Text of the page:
With Up to Us, after you partake in it, I think it’s the team leaders of the winning Up to Us team get invited to be a part of the alumni advisory board. And from that alumni advisory board, three of us were chosen to represent Up to Us at CGIU. I was one of those people, and what me and a fellow alumni did was speak at an office hours session at CGIU. And so these “Office Hours” were designed to provide the students who attended the conference an opportunity to connect and engage in conversations that were behind the speeches at CGIU. These sessions allowed participants to learn more about what we did and our career paths and our journey, and gave us an opportunity to share our advice, and honestly be inspired by the people who attended. I think we were as inspired by what the students were doing as the other way around.
What was the biggest thing you learned from this experience?
I think what I will take away from CGIU are honestly the connections I made with people there. So for example, there was one girl that attended our “Office Hours” session, and she was planning to do work in the health care field, and she connected with me on LinkedIn the other day. I connected her to some events that the organization I’m currently interning for, the Alliance for Health Policy, is hosting, and added her to our listserv. And she’s trying to make a trip down to [Washington, D.C.,] hopefully to attend one of our briefings about payment reform. And there was this one kid that attended our “Office Hours” too, and he brought a little prototype of this pacifier that he was making to hopefully give children in malnourished settings more supplements and vitamins for when they’re nursing, so babies that might not have access to nutritional sources otherwise. He made this little device, and he brought that to our “Office Hours.” It’s pretty easy to go into the routine of adulthood, but going to a conference like this just reminded me of the energy and ideas that are still out there.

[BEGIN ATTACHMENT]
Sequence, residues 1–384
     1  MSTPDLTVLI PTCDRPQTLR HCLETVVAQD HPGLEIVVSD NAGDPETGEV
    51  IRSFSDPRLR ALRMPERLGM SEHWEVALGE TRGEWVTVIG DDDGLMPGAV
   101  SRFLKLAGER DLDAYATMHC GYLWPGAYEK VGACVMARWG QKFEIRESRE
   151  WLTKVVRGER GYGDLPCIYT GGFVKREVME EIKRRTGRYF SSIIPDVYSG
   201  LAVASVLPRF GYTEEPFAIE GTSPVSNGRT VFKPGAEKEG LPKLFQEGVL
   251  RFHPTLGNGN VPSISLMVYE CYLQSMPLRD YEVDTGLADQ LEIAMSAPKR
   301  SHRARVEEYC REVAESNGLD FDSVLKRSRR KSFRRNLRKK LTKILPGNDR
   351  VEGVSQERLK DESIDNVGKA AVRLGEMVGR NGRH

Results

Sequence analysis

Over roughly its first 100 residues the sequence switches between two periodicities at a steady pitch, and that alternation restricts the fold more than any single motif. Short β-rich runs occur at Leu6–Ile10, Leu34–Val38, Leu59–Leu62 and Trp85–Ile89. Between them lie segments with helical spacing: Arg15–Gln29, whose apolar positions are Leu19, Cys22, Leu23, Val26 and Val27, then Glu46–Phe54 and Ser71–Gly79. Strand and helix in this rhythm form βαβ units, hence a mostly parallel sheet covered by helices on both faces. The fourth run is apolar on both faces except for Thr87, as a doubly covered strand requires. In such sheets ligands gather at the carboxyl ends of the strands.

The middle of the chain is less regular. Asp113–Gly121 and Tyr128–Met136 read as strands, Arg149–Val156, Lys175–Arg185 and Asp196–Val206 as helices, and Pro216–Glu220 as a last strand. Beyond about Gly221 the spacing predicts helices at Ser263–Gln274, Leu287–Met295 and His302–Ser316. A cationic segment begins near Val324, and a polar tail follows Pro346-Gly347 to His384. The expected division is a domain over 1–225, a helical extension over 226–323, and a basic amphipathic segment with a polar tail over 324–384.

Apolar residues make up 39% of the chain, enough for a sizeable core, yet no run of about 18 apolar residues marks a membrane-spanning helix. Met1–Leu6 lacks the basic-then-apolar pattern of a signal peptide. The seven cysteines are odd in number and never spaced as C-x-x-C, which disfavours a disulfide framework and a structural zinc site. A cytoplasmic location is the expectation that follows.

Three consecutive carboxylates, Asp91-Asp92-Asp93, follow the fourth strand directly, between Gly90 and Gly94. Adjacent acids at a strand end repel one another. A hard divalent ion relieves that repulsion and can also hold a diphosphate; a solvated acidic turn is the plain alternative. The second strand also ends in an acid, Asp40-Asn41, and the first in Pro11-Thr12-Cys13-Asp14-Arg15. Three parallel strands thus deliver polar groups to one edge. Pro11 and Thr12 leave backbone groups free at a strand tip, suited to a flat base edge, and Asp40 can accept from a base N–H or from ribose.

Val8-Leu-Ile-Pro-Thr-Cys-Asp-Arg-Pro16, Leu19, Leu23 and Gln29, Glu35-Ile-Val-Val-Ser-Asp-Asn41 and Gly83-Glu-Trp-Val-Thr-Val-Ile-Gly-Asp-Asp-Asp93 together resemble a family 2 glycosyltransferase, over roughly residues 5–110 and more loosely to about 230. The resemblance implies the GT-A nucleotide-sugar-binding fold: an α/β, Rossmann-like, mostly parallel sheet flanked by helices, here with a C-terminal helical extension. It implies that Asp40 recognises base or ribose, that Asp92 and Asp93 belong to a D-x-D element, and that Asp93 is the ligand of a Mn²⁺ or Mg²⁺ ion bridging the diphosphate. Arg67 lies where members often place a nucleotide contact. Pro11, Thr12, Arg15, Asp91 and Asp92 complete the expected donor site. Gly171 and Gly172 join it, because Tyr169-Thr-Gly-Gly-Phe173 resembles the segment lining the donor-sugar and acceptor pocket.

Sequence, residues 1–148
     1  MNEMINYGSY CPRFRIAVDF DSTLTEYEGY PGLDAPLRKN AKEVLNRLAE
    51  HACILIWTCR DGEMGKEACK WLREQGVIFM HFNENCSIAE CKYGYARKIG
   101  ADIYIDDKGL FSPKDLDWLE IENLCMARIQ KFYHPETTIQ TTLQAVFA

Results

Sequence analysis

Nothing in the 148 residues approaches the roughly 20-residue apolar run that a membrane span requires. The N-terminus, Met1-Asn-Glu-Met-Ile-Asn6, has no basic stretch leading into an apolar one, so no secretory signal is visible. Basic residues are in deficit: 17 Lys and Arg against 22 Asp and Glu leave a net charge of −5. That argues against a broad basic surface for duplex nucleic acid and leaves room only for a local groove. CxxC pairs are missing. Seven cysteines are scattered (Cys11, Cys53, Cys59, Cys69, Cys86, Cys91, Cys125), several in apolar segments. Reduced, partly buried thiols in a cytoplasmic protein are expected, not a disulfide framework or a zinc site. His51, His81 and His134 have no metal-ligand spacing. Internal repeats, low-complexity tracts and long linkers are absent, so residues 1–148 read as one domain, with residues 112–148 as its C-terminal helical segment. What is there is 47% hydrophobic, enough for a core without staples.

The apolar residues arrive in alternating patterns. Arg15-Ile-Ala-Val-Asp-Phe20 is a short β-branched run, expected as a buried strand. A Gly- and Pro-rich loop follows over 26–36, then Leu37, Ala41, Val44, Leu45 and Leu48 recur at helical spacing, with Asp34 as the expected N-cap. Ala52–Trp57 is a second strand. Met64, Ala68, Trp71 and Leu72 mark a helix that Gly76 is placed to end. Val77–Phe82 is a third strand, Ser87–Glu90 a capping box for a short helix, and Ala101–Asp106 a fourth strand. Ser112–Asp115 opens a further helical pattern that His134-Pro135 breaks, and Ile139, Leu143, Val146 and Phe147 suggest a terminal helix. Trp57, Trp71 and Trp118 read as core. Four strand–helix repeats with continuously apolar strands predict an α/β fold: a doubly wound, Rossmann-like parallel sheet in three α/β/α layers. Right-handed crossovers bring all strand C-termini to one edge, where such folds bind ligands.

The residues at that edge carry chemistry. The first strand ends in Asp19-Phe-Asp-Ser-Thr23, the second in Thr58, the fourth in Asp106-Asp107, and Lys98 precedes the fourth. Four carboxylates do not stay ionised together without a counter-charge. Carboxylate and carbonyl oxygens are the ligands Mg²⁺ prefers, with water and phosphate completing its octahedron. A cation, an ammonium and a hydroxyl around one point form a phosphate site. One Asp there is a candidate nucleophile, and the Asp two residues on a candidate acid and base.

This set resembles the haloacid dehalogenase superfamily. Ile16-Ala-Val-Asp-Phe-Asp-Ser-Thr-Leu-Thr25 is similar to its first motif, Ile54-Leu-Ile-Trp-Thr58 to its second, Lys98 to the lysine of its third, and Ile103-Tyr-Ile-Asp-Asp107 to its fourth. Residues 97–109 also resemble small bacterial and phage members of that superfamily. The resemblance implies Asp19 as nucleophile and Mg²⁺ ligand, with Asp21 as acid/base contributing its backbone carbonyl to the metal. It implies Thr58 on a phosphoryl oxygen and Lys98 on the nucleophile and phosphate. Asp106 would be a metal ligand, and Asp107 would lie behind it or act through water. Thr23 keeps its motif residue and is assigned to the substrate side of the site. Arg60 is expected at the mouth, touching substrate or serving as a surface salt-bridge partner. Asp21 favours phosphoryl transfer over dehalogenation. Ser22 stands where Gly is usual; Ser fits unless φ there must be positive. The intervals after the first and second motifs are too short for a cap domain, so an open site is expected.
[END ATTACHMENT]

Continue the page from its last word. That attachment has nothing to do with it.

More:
Why is CGIU important?
It just gathers so many young people together that are so motivated; they’re looking to tackle social issues, and those types of minds and that type of energy in one space is really cool. Because that’s often what has the power to create lasting change.
Do you have any advice for freshmen or undergraduates about getting involved in community activism or having a social impact?
Be a sponge. Soak everything in. Initially, unless you absolutely know what you want to do from the get-go, use this time to define your interests. That’s kind of what freshman year is for. Then, after a while, narrow it down to a few that you are interested in, and find a way to make that work with your academics, your community engagement and outreach that you do, with your leadership, and make sure it lines up with your values. I think that’s really important: Make sure whatever activist work you want to do, what things you want to lead, what initiatives you want to be a part of, make sure they are line with your core set of values. And that means asking yourself what your values are. So going into that knowing what you care about is really important.